Tyson Foods fined $263K for workplace safety violations

Tyson Foods fined $263K for workplace safety violations
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The Labor Department is fining the nation’s largest meat and poultry processor $263,000 for repeatedly violating workplace safety laws.

The agency’s Occupational Safety and Health Administration (OSHA) said it launched an investigation after receiving a report that a worker at Tyson Foods’s chicken-processing facility in Center, Texas, had lost a finger while on the job.

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OSHA said the employee was deboning a chicken and got their finger stuck in an unguarded conveyor belt when they tried to remove chicken parts that were jammed.

In investigating that incident, OSHA said it identified two repeated and 15 serious violations of workplace safety laws.

The company is accused of endangering workers by exposing them to amputation hazards and high levels of carbon dioxide and peracetic acid without providing personal protective equipment.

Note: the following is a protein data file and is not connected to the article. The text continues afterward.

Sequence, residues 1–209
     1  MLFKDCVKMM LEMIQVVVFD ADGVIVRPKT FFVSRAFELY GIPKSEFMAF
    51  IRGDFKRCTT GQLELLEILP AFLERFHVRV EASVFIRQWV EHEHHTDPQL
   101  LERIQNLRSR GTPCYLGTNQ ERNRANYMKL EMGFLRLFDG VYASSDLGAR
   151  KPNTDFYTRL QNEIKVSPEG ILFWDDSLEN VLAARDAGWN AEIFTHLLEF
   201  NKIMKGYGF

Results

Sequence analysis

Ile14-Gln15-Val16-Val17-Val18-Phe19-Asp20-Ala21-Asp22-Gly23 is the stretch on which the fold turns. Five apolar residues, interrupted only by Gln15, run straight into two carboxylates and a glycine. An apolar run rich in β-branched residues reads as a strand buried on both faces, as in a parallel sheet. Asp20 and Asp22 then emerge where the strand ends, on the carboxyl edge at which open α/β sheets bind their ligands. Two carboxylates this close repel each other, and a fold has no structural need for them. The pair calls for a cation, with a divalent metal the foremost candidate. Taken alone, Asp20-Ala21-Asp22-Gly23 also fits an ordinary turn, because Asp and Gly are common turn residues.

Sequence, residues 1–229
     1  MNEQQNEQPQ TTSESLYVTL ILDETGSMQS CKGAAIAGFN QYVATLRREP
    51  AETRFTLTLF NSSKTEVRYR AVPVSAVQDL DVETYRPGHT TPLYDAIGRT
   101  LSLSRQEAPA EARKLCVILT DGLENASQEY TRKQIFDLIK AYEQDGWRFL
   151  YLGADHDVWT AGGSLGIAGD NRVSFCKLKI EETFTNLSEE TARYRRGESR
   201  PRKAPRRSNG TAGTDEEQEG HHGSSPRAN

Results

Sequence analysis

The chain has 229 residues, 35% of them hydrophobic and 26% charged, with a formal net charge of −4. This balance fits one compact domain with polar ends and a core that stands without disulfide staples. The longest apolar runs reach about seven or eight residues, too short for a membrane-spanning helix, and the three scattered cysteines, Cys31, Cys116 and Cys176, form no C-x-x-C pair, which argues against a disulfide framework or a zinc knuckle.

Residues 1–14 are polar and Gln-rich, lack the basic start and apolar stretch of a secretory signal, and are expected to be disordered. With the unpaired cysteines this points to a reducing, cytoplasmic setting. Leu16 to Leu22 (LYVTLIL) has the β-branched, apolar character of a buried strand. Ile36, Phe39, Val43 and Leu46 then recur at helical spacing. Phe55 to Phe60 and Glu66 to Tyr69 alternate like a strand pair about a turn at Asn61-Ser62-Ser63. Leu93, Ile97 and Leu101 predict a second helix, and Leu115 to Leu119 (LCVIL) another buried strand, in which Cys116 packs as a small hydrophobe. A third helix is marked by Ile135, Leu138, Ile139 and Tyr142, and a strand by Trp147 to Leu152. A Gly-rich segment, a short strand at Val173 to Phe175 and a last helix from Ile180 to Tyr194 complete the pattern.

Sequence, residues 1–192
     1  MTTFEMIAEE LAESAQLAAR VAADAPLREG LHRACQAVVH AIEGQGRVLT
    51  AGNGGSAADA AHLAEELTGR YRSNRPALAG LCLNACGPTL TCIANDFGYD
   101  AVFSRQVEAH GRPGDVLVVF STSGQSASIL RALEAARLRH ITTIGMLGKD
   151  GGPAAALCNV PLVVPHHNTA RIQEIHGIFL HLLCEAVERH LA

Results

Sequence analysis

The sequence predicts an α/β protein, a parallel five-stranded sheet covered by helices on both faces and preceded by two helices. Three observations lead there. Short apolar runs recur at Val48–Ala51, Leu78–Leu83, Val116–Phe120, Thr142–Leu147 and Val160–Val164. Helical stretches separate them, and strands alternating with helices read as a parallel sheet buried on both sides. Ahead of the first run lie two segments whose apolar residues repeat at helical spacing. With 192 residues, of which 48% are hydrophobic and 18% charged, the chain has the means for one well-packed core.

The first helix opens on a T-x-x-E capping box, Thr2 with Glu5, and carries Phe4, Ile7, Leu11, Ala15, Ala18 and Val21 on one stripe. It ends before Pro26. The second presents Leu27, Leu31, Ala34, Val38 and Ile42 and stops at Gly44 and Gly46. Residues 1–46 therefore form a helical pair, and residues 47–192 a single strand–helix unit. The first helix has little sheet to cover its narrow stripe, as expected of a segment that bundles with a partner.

“Tyson Foods must do much more to prevent disfiguring injuries like this one from happening,” David Michaels, assistant secretary of labor for Occupational Safety and Health. “As one of the nation’s largest food suppliers, it should set an example for workplace safety rather than drawing multiple citations from OSHA for ongoing safety failures.”

OSHA said it also found that employees were exposed to slip-and-fall hazards due to a lack of proper drainage, trip-and-fall hazards caused by recessed drains, and fire hazards resulting from improperly stored compressed gas cylinders.

The agency said Tyson Foods has repeated failed to make sure employees used appropriate eye or face protection when exposed to eye or face hazards, a violation the company was cited for following a similar investigation at its facility in Carthage, Texas, in 2012.

In a statement to The Hill, Tyson Foods said it fully cooperated with OSHA's investigation and intends to meet with agency officials to resolve the claims.

"We never want to see anyone hurt on the job, which is why we’re committed to continual improvement in our workplace safety efforts," the company said.

This story was updated at 4:09 p.m.